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As you can imagine, over the holidays the subject of my singleness came up in conversation quite a bit. There are lots of reasons for this:

      • I am, in fact, single.
      • I am the only single person left in my immediate family. (Translation: The boring married folks like to live vicariously through my super exciting, on-the-edge, adventurous bachelorette lifestyle.)
      • I happen to write quite often about my singleness on this here blog, so perhaps I bring it upon myself.

No matter the reason, the subject came up quite a bit. And it always seemed to turn to trying to find me a man. Family members and friends frantically searched their mental Rolodexes, rattling off names of single men that might, just might be a possible mate for yours truly. Those names, however, were quickly followed by statements like:

“… but he’s got major commitment issues.”

“… but he’s 38 and lives in his parents’ basement.”

“… but he just got divorced. Like last month.”

“… but one of his eyes is significantly larger than the other. Only if you really look into his eyes, though.”

“… but he is really socially awkward. I’ve never actually heard him speak.”

“… but I’m pretty sure he’s unemployed. I’ve heard he’s collecting unemployment, though, so that’s good!”

And after a few laughs (and several secret tears on my part), we all sigh, look at each other, and I inevitably hear the following statement:

“We just don’t know anyone good enough for you.”

Now wait up just a minute. Hold your horses. Stop right there.

Who on earth started this ridiculous rumor / lie / joke that I’m such a good person? Am I riding in on some white horse that I just don’t know about? Am I standing on a pedestal as I type this blog? No. Both of those things would be impressive, actually. My athleticism and coordination aren’t top notch, so I like to dream of a day when I can practice some fancy equestrianism or hold my balance on the beach like a young Daniel Larusso. Alas, I digress. Back to the rumor at hand.

Newsflash: I’m not perfect!

Angel Devil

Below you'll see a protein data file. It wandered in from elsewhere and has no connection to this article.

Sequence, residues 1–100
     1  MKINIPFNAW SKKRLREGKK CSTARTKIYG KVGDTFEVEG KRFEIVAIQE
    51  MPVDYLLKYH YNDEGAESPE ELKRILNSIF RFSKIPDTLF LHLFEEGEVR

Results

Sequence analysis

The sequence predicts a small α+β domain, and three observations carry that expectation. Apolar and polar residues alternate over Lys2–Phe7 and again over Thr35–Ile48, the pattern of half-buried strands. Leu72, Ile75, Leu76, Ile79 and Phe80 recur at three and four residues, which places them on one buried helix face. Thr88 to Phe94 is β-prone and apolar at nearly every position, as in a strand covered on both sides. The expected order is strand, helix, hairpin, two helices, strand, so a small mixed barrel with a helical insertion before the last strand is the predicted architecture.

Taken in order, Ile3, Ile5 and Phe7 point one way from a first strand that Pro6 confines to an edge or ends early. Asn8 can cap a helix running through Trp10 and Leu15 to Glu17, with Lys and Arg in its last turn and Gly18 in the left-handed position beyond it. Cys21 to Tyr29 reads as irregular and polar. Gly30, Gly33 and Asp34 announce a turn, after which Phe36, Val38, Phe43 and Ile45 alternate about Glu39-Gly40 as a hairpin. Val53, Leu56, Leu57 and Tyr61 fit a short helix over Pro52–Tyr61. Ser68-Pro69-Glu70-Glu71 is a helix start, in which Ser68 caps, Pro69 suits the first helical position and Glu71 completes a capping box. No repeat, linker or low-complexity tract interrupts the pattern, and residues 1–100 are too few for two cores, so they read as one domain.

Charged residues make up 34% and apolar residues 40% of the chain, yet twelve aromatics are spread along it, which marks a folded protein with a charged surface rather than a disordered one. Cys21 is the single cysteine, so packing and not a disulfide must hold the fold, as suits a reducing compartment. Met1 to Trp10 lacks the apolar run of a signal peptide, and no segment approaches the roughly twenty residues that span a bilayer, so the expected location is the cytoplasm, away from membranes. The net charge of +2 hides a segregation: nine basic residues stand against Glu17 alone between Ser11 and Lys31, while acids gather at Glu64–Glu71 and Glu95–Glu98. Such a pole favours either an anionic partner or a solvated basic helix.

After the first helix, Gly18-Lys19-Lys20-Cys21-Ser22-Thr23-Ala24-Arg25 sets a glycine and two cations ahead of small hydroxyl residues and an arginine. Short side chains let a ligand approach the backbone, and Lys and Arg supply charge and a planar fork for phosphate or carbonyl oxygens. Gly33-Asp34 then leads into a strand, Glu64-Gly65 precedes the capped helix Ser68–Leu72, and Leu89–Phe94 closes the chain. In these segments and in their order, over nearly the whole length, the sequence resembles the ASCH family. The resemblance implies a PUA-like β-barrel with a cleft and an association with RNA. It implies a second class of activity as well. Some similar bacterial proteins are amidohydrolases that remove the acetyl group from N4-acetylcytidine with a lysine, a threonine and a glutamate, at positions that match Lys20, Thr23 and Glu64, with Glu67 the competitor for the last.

Just reading a few posts on this blog shows you just how imperfect I am. So I’ll spare my confidence and your time by not listing all my faults here today. In summary, they run the gamut from pride to judgment to selfishness — a real impressive bag of things I work daily to get rid of. My shoulders are wrought with miniature angels and devils, constantly fighting for my attention. It’s a constant battle — one that I know we all deal with.

Because let’s get real: None of you (or any of my family members or friends) actually think I’m perfect. That’s a ridiculous notion because, as we all know, no one is perfect. We’re all full of dirty things, bad moments, lapses in judgment. We’re all flawed. We’re all human.

Why, then, do the people in my inner circle allude to my supposed goodness whenever they can’t find a single man for me to date? Why is that the go-to excuse?

I can only assume it’s to make me feel better. And for a millisecond, it actually does.

“Oh, the reason you don’t know any single men to hook me up with is because I’m so amazing and all those single men are losers? And I deserve so much better? Why… thank you!”

But then, quicker than you can say “I’m old and alone,” I realize it’s all just a buffer. The truth is my friends may sincerely not know any solid men to introduce to me. They may not be brave enough to reach out to acquaintances they haven’t touched base with in a while. They may just not want to be bothered with another task to add to their to-do list. Whatever the reason, they’re left staring into my lonely, green eyes, and in that moment they need to think of something to say to buffer the silence.

“We just don’t know anyone good enough for you.”

And it’s okay. I’m not mad at my family and friends for not hooking me up. Would I love to be introduced to a great guy? Yes. Do I think a great way to meet someone is by being matched through mutual friends? Absolutely. Do I appreciate them even trying to rack their brains to think of who they might know that might be good for me? With all my heart.

But that particular excuse just seems like a cop out. It puts me in an unrealistic, unattainable category. And it’s time to open up my chances a bit by focusing on my imperfections instead.

Because if I’m not perfect, then I just might be a great match for that guy who lives in his parents’ basement. Or that man with two different shaped eyeballs. Or the one who hasn’t spoken to another human being in three years.

You see? When we’re honest with ourselves and honest with each other, love blooms. And for this flawed human being, this vast field of dating might just be ripe for the picking.